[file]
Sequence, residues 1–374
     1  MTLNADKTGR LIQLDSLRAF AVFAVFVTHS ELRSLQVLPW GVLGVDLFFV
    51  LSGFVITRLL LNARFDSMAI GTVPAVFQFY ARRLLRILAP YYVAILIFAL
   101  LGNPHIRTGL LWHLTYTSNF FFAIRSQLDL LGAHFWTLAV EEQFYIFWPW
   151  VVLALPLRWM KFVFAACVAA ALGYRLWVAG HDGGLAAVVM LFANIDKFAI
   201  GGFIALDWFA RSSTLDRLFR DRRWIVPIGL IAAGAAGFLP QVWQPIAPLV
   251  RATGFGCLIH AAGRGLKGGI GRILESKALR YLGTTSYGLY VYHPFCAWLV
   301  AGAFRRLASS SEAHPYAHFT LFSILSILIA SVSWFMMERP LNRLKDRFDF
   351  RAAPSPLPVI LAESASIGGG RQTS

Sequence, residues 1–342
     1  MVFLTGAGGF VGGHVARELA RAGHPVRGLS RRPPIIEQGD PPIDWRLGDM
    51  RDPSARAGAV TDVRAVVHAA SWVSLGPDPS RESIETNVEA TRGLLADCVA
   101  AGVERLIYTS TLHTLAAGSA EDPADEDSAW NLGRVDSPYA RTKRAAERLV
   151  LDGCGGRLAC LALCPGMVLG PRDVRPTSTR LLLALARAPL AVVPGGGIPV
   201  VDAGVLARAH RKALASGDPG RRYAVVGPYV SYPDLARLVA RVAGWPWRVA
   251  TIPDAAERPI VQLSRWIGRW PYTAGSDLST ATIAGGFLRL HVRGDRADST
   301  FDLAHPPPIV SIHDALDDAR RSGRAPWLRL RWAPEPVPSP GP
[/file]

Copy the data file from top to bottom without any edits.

Sequence, residues 1–374
     1  MTLNADKTGR LIQLDSLRAF AVFAVFVTHS ELRSLQVLPW GVLGVDLFFV
    51  LSGFVITRLL LNARFDSMAI GTVPAVFQFY ARRLLRILAP YYVAILIFAL
   101  LGNPHIRTGL LWHLTYTSNF FFAIRSQLDL LGAHFWTLAV EEQFYIFWPW
   151  VVLALPLRWM KFVFAACVAA ALGYRLWVAG HDGGLAAVVM LFANIDKFAI
   201  GGFIALDWFA RSSTLDRLFR DRRWIVPIGL IAAGAAGFLP QVWQPIAPLV
   251  RATGFGCLIH AAGRGLKGGI GRILESKALR YLGTTSYGLY VYHPFCAWLV
   301  AGAFRRLASS SEAHPYAHFT LFSILSILIA SVSWFMMERP LNRLKDRFDF
   351  RAAPSPLPVI LAESASIGGG RQTS

Sequence, residues 1–342
     1  MVFLTGAGGF VGGHVARELA RAGHPVRGLS RRPPIIEQGD PPIDWRLGDM
    51  RDPSARAGAV TDVRAVVHAA SWVSLGPDPS RESIETNVEA TRGLLADCVA
   101  AGVERLIYTS TLHTLAAGSA EDPADEDSAW NLGRVDSPYA RTKRAAERLV
   151  LDGCGGRLAC LALCPGMVLG PRDVRPTSTR LLLALARAPL AVVPGGGIPV
   201  VDAGVLARAH RKALASGDPG RRYAVVGPYV SYPDLARLVA RVAGWPWRVA
   251  TIPDAAERPI VQLSRWIGRW PYTAGSDLST ATIAGGFLRL HVRGDRADST
   301  FDLAHPPPIV SIHDALDDAR RSGRAPWLRL RWAPEPVPSP GP